The Transformative Power of a Common Language
I recently conducted my first in-person meeting with a client since early March. It was a “Rollout”, our term for the meeting where we help a client introduce their Fundamentals to the entire company. (For those of you who are new readers of our blog, Fundamentals are the behaviors that an organization uses to define its culture, the things that they say are “fundamental” to their success.)
After the rollout, the CEO kindly invited me to join his team for lunch. While we ate, we went around the room and in turn each person gave one “take-away” from the Rollout meeting. One of the participants commented that while the Fundamentals covered ideas that many employees likely already knew were important, explicitly defining a set of behaviors with a title and description for each gave the whole organization a common language that she felt was incredibly powerful. From now on, instead of struggling to put words to these important practices, and perhaps misinterpreting what each other meant, everyone would be on the same page. She was excited to see the impact this common language would have.
The benefits of a common language
It wasn’t the first time I’d heard a comment like that. In fact, we’ve even written about this very topic in this space before. But it struck me just how timely the idea of an organization having a common language is.
At a time when elements of our society are struggling to understand each other, when employees of different backgrounds and experiences might interpret interactions in different ways, it is crucial that as a leader, you give your people the tool of a common language to talk about daily actions and expectations.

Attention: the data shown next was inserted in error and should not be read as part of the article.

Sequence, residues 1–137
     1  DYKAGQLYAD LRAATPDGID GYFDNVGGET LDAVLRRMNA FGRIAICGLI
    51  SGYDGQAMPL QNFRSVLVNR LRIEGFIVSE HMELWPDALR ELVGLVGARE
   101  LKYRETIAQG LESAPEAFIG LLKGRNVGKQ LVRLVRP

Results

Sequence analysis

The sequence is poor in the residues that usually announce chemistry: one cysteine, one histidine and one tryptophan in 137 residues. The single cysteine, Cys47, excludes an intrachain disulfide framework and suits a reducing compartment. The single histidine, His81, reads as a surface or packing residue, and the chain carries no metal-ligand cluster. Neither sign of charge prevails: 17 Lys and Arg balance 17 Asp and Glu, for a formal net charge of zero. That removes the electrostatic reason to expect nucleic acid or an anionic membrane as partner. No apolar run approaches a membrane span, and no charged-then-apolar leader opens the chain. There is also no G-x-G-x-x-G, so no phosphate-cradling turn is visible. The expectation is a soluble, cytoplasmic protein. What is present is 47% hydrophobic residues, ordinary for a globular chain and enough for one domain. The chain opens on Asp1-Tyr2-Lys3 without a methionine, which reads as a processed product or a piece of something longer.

The benefits of a shared language are that it helps eliminate confusion and misunderstandings, and provides a foundation of common ground for every conversation. Instead of using words or phrases loaded with meaning pulled from one’s upbringing or prior work experience, which other’s might not relate to, employees use language that you’ve chosen intentionally and teach consistently, ensuring that everyone has the same understanding.
Create a common language through behaviors, not values
In our experience, it’s vital that you use behaviors, not conventional values, to create your common language. The difference is that while a typical value is a notion or belief (think something like Quality, Integrity, Teamwork, or Respect), a behavior is an action, something that your people do. For example, some of the behaviors we practice in our own company are things like Honor Commitments, Practice Blameless Problem-Solving, Listen Generously, and Get Clear on Expectations.
The reason this difference is so important is because just by their nature, values are often vague, and thus can mean a lot of different things to a lot of different people. Take Respect, for example. Growing up in the northeast, I was never taught to say “Yes, Sir” or “Yes, Ma’am” to adults. It wasn’t until I joined the Army and was stationed down south that I began to say that (a lot!) It’s not like as a kid I was being disrespectful, it’s just that in the culture of the northeast that’s not how we demonstrate respect.
In comparison, a behavior is much more specific. The additional level of clarity eliminates the multiple interpretations that values often have. And because behaviors are actions, they’re far easier to teach, coach, and give people feedback on.
To be clear, I’m not saying that values aren’t important. The client I referenced at the beginning of this piece has a meaningful set of core values that they truly believe in. They aren’t words slapped together by a marketing team or a poster on the wall that’s paid lip service, they’re real.
Even still, as the employee commented, it wasn’t until they defined the culture in terms of behaviors that they finally reached the level of clarity necessary to create a common language.
If you’d like to learn more about how to create a common language in your organization by defining you culture in terms of behaviors, just give us a call, watch the 4-minute video on our homepage, or click the button below.